Perspective in game critique directly involves the consideration of role-playing. As a formal component of game creation, this type of perspective was revolutionized by Half Life. In two subsequent releases, Opposing Force and Blue Shift, players change into new characters that serve different functions within the same base narrative and same series of maps. In each, gamers get an introductory film that outlines the new perspective. Once playing, the new character catches glimpses of the original Gordan Freeman character that was previously played or enacted. This shift in role-playing serves to enrich the interaction with the base story and with the world in which gamers play.
If we consider a formal analysis of Half Life then, we might include the intersection of story, atmosphere and perspective within a broader critique of the first-person-shooter genre. Still, this form of critique, while it potentially offers new thinking about games, leaves us well within the realm of standard or traditional textual critique. Although the introductory film, the inhabitable environment, and the unique aspects of first person perspective within this reading are in some sense new, they are really only a modulation of the same types of tools that are used to critique short stories and novels. In order to offer a more specific examination of computer games, there must be some direct analysis of the unique construction involved in the compositional process as well as a more focused critique of the manipulation of play.
The primary composition component of game design is programming and here the beginnings of formal critique are well underway. As with many other forms of creative expression, the creators and consumers of the form have established a dialogue around the constituent components. These initial critiques take the form of replication, parody and commentary. Thus, the gaming community is already rich with theoretical analyses of computer games. While the academy has offered cultural criticism of such things as violence in games like Half Life, it seems clear that we currently lack sufficient critical analyses of the limitations and possibilities of programming in C, C++ and Assembler that are specifically geared towards 3D graphics cards, large memory components and high speed processors. By bringing the two forms of critique together, we might be able to address the types of concerns expressed by Aarseth.
Half Life's creator Gabe Newell and I discussed the way in which the game design process has worked. Newell sees programming as the art form that allows him to explore his interests in storytelling. Newell, who got his start as employee number 273 at Microsoft, says that gaming allowed him to pursue a form of creative expression that disappeared in his working life as Microsoft grew into a corporate behemoth. Since the popularity of computer gaming in general and of Half Life in particular, Newell has made a number of appearances at academic conferences that seek to answer questions similar to the one that I am concerned with in this article. Yet, like those who worked in cinema during the inception of film studies, he feels there is a need for a greater awareness of the way his medium actually works.
For example, the original impetus for Half Life came out of a desire to develop a greater level of complexity in the first-person-shooter genre that was at the time based on little more than tests of eye-hand coordination. Building on the story elements of earlier games such as Doom, Newell turned to contemporary fiction to establish Half Life's famous atmosphere and to his work experience for the narrative. Using the Stephen King novella The Mist as a guide, the team attempted to develop a semi-realistic world that was both believable and unsettling. For Newell, the most attractive element of the first-person-shooter genre is the potential to immerse the gamer in a separate world. He explains his attempts to highlight this aspect through the use of back-story, atmosphere and perspective. Focusing on these elements, he was able to make up for the technical shortfalls that he faced with computers, which cannot currently rival the quality of cinematic or televisual fiction.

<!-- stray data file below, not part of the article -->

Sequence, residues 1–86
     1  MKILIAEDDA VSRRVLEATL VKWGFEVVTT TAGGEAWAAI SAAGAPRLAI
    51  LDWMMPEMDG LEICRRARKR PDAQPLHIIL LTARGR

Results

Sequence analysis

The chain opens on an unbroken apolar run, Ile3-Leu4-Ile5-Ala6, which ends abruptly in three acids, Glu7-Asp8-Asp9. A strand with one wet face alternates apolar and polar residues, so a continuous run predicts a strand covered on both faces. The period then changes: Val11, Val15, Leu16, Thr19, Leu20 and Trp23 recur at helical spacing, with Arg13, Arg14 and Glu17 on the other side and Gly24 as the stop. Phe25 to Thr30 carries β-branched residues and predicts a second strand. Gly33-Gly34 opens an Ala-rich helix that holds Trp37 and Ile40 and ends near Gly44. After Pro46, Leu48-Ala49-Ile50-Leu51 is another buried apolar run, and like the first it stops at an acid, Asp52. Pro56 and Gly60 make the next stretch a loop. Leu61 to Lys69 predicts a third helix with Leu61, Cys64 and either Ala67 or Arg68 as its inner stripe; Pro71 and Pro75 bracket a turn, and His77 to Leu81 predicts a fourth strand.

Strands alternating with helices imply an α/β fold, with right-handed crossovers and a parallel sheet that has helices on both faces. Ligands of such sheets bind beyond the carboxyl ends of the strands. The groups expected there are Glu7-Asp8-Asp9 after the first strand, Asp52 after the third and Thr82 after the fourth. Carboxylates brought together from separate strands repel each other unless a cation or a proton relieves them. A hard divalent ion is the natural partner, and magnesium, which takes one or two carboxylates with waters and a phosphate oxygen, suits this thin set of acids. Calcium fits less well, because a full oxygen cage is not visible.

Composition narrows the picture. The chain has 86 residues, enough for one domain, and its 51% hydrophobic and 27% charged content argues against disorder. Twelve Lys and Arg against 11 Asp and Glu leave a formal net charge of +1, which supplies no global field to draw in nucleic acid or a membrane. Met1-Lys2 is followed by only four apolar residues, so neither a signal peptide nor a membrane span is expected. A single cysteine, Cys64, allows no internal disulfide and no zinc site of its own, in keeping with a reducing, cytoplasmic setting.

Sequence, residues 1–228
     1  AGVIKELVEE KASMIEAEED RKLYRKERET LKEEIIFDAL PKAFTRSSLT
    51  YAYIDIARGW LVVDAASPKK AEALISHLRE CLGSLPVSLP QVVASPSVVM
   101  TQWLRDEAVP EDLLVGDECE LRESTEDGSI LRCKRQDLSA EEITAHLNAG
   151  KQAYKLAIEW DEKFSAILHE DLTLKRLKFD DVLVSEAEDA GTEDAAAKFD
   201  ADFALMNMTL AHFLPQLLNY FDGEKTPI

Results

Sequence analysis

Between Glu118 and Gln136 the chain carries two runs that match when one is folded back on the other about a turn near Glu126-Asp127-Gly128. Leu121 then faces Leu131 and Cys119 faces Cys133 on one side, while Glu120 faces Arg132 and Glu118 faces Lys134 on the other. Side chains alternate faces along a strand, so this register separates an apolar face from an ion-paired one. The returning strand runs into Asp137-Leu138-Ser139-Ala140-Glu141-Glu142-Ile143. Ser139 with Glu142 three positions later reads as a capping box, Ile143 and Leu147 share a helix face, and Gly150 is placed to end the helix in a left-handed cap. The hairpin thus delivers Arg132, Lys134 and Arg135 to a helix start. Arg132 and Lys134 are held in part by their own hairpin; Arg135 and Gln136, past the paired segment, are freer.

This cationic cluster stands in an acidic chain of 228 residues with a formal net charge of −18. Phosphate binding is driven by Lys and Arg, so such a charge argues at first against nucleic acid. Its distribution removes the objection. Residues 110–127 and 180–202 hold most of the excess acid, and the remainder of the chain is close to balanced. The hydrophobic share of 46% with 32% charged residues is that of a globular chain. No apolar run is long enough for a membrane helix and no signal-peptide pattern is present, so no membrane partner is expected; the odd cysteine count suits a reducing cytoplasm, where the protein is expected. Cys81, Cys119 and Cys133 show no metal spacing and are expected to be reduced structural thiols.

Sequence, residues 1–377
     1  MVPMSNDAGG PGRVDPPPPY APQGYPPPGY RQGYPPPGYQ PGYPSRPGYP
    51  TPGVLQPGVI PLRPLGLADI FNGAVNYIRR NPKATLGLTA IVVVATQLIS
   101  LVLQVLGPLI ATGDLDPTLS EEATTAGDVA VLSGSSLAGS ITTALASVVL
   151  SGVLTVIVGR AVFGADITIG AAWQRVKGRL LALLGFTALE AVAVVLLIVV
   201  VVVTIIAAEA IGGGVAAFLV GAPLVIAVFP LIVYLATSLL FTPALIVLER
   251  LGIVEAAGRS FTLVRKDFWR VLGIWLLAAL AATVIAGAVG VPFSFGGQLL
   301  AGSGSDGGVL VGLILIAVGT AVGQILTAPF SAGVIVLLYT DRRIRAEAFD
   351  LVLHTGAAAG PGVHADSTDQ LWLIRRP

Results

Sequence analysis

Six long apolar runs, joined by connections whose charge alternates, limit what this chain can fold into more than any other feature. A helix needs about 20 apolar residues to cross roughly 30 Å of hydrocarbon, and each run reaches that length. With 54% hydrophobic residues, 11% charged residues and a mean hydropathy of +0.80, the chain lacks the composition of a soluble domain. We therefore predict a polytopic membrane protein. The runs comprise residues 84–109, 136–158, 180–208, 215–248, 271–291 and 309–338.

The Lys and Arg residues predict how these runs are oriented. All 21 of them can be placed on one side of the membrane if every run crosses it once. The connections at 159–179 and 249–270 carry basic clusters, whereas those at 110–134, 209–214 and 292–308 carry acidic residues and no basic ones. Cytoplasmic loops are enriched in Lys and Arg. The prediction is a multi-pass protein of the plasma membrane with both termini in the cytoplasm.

The game engine was programmed in C with artificial intelligence components done in C++. Then the game was re-coded using Assembler, which allowed the interaction of the components in a manner transferable to the chipsets then available. For Newell and the creators at Valve, criticism that fails to consider programming begins by ignoring the computer game's most important component. I would argue that a theory done this way might miss what it is that makes computer games into computer games.
If we accept that a new theory should account for the primary language used in composition, a familiar question arises. How much programming should a humanist be expected to learn? Early lessons from humanities computing have shown it is unrealistic to expect students and scholars will be interested in or even capable of learning programming languages at the same time they are satisfying their other course or research requirements. One answer to this question was offered by Nancy Ide at the recent COCH/COSH meeting Malaspina University-College in Nanaimo, British Columbia. Ide, the Chair of the Computer Science Department at Vassar, and one of the original contributors to the Text Encoding Initiative, made early calls for full knowledge of computing languages. Over time, experience led her to revise that call toward a position which would see students study the way in which programming works as opposed implementing a computer language requirement. (See Ide for further discussion.)